LAFAYETTE, La. (KLFY) – A press conference was held Wednesday about a lawsuit concerning possible groundwater contamination in Lafayette.
It stems from chemical leaks at a Union Pacific Rail yard more than 20 years ago.
The lawsuit was filed against Union Pacific Railroad, on behalf of the Salvation Army in 2016.
Environmental lawyer Bill Goodell says the city’s water could be threatened with contamination.
That’s after he and a former D.E.Q. Secretary reviewed environmental tests done in the rail yard, before filing his Salvation Army v. Union Pacific case back in 2016.
“Before we filed the suit, we found a lot of information, we found significant information of contamination in place,” said Goodell, with Goodell Law Firm.
In 1994, during testing of the former Union Pacific Maintenance Rail yard in Lafayette, Goodel says the results showed contaminents leaked from the facility into the Chicot Aquifer. Those contaminents he says included benzene which is toxic.
“And nothing has been done to address the benzene at that location, or the potential for seapage into the Chicot, that may have occurred, in other areas of the rail yard,” said Goodel.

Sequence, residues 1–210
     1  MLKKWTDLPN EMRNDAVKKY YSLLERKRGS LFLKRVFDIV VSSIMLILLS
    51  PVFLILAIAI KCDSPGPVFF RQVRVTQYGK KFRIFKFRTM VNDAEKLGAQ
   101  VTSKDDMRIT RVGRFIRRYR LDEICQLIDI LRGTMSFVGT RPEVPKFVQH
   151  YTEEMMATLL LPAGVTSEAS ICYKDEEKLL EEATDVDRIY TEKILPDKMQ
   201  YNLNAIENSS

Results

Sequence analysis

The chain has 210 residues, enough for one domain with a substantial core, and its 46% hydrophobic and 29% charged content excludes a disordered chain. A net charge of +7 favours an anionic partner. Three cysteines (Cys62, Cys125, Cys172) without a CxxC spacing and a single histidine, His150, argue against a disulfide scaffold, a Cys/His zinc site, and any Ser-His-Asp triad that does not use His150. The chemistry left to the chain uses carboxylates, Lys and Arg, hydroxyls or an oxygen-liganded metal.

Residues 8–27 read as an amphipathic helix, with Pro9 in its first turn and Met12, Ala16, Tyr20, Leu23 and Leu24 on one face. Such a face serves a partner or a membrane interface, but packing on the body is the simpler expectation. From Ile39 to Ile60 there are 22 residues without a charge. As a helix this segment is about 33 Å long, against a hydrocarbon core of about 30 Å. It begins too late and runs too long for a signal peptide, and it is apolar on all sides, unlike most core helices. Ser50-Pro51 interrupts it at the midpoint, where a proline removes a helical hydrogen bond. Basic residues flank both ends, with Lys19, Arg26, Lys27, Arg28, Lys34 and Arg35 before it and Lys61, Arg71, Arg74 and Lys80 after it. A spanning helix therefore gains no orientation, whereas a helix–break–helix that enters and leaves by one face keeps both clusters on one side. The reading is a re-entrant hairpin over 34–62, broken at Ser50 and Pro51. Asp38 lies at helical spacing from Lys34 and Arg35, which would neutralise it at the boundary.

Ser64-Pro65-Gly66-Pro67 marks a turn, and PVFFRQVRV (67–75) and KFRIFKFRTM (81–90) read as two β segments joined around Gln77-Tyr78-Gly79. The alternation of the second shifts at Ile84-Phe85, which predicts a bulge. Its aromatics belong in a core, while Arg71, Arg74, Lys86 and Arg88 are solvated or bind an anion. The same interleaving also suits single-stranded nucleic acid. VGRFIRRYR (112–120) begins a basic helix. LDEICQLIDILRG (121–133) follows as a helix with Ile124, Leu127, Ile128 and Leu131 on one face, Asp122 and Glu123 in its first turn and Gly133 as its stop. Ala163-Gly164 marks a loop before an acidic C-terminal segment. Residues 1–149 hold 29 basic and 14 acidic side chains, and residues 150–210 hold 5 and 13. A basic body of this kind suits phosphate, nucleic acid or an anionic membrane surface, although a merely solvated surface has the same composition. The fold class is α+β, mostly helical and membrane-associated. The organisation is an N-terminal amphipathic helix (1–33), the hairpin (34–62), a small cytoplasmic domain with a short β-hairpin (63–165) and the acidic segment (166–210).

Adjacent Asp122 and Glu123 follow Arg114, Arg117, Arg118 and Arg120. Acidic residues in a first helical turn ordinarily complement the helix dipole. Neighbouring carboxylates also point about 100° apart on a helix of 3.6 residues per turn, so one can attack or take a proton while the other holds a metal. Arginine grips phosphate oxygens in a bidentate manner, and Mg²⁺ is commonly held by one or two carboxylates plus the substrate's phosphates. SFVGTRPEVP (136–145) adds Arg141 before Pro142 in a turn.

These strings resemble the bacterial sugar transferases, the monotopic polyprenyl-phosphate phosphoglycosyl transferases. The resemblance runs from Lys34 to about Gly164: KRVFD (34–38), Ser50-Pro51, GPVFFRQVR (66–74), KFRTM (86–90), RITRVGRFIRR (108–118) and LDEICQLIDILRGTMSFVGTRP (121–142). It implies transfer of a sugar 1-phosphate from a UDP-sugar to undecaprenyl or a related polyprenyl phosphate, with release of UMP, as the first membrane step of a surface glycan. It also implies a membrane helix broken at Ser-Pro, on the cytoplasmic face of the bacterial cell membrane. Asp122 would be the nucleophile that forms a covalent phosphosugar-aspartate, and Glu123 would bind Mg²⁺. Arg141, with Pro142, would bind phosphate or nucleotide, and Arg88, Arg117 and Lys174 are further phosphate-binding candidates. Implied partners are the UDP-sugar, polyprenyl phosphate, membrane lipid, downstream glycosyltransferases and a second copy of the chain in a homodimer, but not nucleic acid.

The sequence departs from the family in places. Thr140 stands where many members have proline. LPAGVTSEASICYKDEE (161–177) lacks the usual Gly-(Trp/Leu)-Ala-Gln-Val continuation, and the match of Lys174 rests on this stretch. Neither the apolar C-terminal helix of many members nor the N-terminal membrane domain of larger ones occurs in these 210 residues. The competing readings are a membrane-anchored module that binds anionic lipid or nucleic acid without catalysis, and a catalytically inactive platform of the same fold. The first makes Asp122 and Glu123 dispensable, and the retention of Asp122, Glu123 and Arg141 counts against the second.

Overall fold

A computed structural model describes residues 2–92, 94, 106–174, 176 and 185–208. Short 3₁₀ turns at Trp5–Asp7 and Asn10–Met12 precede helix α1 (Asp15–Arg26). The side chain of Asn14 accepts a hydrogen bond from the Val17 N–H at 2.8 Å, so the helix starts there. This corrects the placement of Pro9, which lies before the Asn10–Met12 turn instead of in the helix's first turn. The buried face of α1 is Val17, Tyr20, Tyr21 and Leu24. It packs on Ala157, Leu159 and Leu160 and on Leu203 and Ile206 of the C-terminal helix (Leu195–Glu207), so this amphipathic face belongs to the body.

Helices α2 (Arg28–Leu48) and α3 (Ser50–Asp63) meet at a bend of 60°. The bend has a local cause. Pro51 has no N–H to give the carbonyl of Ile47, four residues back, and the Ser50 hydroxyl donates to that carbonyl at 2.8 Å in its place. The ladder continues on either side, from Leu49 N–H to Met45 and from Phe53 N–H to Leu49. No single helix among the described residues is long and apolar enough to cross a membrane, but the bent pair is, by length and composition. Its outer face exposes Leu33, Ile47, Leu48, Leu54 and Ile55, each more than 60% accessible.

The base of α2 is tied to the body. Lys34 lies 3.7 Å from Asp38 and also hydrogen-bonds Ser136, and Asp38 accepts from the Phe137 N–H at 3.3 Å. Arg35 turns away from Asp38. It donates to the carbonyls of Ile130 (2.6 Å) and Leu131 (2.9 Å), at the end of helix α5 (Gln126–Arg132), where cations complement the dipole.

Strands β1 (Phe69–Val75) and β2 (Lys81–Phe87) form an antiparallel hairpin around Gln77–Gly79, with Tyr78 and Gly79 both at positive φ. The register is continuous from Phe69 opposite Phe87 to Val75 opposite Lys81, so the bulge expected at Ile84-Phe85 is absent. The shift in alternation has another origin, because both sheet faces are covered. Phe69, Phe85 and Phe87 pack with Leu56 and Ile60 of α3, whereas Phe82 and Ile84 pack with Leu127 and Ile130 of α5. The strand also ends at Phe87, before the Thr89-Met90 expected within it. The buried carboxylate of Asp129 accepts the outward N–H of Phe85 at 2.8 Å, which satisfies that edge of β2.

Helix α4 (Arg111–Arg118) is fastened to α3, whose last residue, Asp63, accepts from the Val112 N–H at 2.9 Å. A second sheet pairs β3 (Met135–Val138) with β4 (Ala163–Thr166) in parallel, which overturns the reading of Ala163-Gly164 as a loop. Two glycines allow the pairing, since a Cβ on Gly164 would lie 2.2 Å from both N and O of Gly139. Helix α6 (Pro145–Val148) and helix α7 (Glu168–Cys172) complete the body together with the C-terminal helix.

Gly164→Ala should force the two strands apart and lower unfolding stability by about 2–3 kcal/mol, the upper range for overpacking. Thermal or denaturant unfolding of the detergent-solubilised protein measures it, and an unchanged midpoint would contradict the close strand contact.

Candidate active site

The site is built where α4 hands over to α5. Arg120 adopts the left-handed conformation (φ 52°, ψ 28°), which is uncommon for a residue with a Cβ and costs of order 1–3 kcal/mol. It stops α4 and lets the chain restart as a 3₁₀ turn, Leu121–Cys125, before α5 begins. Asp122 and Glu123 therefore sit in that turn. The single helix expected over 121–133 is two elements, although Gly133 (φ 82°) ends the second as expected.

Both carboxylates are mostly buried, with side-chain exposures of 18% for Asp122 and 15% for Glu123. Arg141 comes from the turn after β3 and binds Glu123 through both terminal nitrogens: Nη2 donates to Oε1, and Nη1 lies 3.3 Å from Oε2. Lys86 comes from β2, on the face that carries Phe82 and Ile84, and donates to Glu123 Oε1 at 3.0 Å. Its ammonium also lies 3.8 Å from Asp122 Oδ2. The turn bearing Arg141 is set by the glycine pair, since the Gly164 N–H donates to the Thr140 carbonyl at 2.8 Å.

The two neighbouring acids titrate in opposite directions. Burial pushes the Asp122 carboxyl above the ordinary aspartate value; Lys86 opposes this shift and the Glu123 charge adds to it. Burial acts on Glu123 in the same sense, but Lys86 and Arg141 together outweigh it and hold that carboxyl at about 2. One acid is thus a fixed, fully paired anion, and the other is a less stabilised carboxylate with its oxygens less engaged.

He states that the rail yard contamination was the subject of a lawsuit filed in federal court in 2007.
In the case involving Conco and Union Pacific, Conco settled, but Goodel says no cleanup was done in response to the lawsuit.
Terry Huval, Director of Lafayette Utilities System and L.U.S. Fiber, says the water is perfectly safe to drink.
“We’re positive that we have none of these chemicals, that was reported by this attorney.”
He says L.U.S. continuously tests the water, and can guarantee that not only is it safe to drink, but free of toxic chemicals.
“We check the water everyday, every ounce that comes out of our plant. We have no records of any benzene being in the water ever,” said Huval.
Goodel says that until there is a comprehensive assessment of the entire rail yard and all of the chemicals found there, he believes there is no way of knowing if the water is affected.
Huval states that if the water in the city was ever compromised or contaminated, the public would be notified immediately.